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Win business with top-notch customer service

Business, Management | December 1, 2019 | By:

Keep your tent rental clients satisfied—and returning—with these six tips for five-star customer service.

by Sarah Crews

Your company and your employees are the backbone of events from high-end weddings and corporate galas to backyard parties and festivals. And your image is on the line each time, from booking to takedown. Here are six strategies from some of the best in the tent rental business for providing customer service that keeps clients happy and returning for more.

1. Train every employee to think in terms of customer service. Planners and salespeople are on the front lines of customer service. But what about the crew chief? Installers? Drivers? Warehouse workers? 

David Spata, owner of Big Tent Events Inc., Carol Stream, Ill., says that every employee needs to know a company’s mission statement and be incentivized to execute it. “Sometimes it takes a sit-down conversation with departments to see how their role and activities impact customer service,” Spata says. “The event industry is known for being a highly emotional environment because of the high stress customers are under and their concern for how they will be perceived if everything doesn’t look beautiful. Employees need to be trained on what to say as much as things not to say.”

Employees will treat customers well if they are treated well, says Liz Davis, vice president of operations at PTG Event Services, Bethpage, N.Y. Davis has found that employee manuals that outline steps and processes have given employees at her company the tools to provide excellent customer service. “This was initially built as an operational training guide, but was so helpful we implemented it in sales and customer service,” she says. “The document has template emails for common scenarios, product information and customization options. . . . The staff assisted with writing, and we add and edit [the manuals] regularly as we encounter new scenarios and challenges.”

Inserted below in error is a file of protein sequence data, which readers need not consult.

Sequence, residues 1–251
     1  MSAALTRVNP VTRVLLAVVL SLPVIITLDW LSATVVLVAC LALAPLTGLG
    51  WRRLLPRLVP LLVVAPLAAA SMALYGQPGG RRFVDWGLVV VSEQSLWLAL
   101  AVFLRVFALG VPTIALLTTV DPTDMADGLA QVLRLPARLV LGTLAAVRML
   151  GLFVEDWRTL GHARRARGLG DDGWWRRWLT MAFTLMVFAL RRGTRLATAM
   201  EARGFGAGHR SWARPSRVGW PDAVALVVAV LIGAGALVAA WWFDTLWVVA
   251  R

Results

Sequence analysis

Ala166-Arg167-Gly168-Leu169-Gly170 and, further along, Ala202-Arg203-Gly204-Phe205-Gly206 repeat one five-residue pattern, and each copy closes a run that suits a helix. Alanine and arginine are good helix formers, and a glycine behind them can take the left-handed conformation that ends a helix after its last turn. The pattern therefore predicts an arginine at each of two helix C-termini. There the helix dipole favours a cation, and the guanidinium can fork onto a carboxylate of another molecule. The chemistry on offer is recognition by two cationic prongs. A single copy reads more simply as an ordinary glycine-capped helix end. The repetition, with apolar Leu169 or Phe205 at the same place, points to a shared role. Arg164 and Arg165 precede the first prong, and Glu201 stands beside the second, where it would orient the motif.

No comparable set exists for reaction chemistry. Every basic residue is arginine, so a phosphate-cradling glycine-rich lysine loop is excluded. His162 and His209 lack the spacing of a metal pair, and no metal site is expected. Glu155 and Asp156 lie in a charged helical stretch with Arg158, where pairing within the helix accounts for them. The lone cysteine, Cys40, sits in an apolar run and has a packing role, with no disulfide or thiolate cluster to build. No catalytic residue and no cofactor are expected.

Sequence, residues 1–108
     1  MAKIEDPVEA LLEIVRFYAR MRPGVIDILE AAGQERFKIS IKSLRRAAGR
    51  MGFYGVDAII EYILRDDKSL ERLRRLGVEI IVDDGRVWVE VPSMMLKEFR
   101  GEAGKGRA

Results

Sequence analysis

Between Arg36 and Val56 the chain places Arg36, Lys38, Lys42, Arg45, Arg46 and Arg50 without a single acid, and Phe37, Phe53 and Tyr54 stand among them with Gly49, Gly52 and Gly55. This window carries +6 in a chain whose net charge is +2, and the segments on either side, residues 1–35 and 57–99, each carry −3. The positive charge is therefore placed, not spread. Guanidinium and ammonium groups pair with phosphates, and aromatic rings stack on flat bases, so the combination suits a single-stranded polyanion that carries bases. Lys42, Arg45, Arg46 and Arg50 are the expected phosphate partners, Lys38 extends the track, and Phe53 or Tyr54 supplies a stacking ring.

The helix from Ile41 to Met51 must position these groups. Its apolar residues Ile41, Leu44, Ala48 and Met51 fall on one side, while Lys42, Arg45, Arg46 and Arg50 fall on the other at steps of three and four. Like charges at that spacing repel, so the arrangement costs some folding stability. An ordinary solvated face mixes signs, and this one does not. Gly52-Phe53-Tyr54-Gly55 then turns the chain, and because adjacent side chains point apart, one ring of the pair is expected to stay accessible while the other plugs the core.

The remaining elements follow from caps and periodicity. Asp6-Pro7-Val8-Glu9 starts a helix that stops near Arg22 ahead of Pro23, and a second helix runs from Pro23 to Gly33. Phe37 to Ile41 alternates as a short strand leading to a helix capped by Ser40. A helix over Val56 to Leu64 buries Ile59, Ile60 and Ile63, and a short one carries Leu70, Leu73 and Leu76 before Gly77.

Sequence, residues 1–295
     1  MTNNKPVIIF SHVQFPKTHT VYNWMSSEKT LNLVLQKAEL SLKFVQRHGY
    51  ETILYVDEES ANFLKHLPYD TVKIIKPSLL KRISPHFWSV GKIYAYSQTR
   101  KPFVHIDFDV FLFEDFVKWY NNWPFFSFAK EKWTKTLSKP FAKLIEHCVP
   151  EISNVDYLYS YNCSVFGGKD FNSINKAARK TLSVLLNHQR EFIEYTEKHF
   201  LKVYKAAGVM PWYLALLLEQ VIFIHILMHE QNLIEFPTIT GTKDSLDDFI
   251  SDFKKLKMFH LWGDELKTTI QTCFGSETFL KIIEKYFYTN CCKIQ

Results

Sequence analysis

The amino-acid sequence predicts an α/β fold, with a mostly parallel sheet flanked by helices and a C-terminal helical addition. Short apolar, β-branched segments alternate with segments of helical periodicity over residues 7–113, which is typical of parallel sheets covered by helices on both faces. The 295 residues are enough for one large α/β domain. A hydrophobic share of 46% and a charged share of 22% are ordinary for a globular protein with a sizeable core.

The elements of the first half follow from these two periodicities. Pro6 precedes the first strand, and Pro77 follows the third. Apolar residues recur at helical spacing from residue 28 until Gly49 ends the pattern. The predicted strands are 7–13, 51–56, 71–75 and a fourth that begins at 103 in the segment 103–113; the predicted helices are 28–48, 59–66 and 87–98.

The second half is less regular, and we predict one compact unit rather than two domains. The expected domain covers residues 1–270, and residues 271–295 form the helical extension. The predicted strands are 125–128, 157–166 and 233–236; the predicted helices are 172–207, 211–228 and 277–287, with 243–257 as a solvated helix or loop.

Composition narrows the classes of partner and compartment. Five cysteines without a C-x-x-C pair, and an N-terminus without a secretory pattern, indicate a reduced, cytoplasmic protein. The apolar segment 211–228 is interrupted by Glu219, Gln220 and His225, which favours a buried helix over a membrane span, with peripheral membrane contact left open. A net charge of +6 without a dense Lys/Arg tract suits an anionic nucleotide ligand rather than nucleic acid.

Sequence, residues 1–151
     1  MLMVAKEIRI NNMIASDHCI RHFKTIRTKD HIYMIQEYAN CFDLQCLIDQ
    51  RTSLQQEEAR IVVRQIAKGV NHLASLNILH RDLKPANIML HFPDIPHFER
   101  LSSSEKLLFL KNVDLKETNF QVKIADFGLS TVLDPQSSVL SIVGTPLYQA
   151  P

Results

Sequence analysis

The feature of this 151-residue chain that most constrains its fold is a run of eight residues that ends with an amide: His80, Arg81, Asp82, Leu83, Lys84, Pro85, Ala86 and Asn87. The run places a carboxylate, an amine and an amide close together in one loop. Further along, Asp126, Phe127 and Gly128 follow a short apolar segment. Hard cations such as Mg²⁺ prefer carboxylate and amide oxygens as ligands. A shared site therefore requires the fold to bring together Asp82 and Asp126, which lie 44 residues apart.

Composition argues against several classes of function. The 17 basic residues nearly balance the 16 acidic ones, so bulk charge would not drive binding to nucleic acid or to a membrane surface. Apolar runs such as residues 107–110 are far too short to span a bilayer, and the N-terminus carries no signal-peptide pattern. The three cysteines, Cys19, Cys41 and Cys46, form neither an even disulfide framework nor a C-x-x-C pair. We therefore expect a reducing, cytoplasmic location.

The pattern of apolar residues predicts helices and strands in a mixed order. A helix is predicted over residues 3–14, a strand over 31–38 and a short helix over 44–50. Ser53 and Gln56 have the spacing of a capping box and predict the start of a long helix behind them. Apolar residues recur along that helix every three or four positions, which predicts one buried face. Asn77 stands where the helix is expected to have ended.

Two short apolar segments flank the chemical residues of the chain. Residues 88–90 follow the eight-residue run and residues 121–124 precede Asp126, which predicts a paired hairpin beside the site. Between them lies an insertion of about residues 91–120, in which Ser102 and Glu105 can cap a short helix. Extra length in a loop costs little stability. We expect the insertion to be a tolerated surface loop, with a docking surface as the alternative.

2. Consider first impressions. At Pelican Tents & Events, Shreveport, La., owner Moss Duvall puts an emphasis on employee appearance, especially for those who go on-site to clients’ homes and businesses. “All of our guys wear uniforms with their names and our logo on the front of their shirts,” Duvall says. “They have a set for each day of the week, so they are clean and wrinkle free. We have a company that does all the washing, ironing and fixing of all the snags in their uniforms. No smoking or cell phones are allowed at any time. We want our employees to make the customer feel as comfortable as possible with all that goes into the production. We are invading their space, and we want them to feel relaxed with all the chaos that is going on.” 

3. Identify the tools that will help you provide top-notch customer service. Orlando Wedding & Party Rentals, Lake Mary, Fla., uses a customer relationship management (CRM) system to keep up with leads and opportunities for bookings. “We use Insightly [a CRM platform], which allows you to set reminders, track revenue and not forget about your upcoming events and calls,” says Brittney Bouche, Orlando Wedding & Party Rentals business development manager. “It’s great for history records if you keep up with it and go back to get reviews from past clients. We also like to send [clients] personal emails to ask how the event went, and if they respond positively, we ask for a review.”

4. Learn to say, “Let’s see.” To get ahead in the market, new event rental companies hungry for business tend to fall into the trap of saying yes to anyone who calls, Davis says. Can you deliver that today? Yes. Can we rent more inventory than you have? You bet. Can you change the equipment you just delivered? Sure thing. Can you move my yard furniture? No problem. Can you make it? Sounds good. This was the scenario in PTG’s early days. 

“This habit helped us form key client relationships that helped the business grow and thrive,” she says. “This habit put inventory on our shelves and paid the bills. This habit also formed unsustainable expectations from our clients and exhausted our staff. 

“Enter phase two, resentment,” she continues. “After some time, management, staff and the vendors we rely on are getting tired. The excitement of being a hero is fading and the loss of time with our families is setting in. This resentment is manifested in less-than-stellar customer-facing communication. The irony in this phase is that the initial effort to offer exceptional customer service results in just the opposite.”